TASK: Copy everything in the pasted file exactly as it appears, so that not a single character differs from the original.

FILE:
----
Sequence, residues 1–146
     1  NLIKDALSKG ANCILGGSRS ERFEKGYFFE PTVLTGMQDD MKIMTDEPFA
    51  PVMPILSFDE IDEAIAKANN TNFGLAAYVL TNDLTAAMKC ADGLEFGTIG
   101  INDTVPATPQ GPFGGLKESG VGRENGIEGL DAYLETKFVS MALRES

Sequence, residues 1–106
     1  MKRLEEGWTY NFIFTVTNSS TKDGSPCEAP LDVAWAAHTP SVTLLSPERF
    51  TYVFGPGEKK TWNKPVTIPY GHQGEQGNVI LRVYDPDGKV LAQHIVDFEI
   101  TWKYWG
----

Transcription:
Sequence, residues 1–146
     1  NLIKDALSKG ANCILGGSRS ERFEKGYFFE PTVLTGMQDD MKIMTDEPFA
    51  PVMPILSFDE IDEAIAKANN TNFGLAAYVL TNDLTAAMKC ADGLEFGTIG
   101  INDTVPATPQ GPFGGLKESG VGRENGIEGL DAYLETKFVS MALRES

Sequence, residues 1–106
     1  MKRLEEGWTY NFIFTVTNSS TKDGSPCEAP LDVAWAAHTP SVTLLSPERF
    51  TYVFGPGEKK TWNKPVTIPY GHQGEQGNVI LRVYDPDGKV LAQHIVDFEI
   101  TWKYWG